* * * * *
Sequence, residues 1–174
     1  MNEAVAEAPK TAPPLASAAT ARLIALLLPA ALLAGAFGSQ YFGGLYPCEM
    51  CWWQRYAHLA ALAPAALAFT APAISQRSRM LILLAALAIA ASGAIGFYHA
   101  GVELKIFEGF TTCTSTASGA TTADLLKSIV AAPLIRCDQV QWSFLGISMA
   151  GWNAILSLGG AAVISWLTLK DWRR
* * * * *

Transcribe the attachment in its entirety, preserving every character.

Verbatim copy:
Sequence, residues 1–174
     1  MNEAVAEAPK TAPPLASAAT ARLIALLLPA ALLAGAFGSQ YFGGLYPCEM
    51  CWWQRYAHLA ALAPAALAFT APAISQRSRM LILLAALAIA ASGAIGFYHA
   101  GVELKIFEGF TTCTSTASGA TTADLLKSIV AAPLIRCDQV QWSFLGISMA
   151  GWNAILSLGG AAVISWLTLK DWRR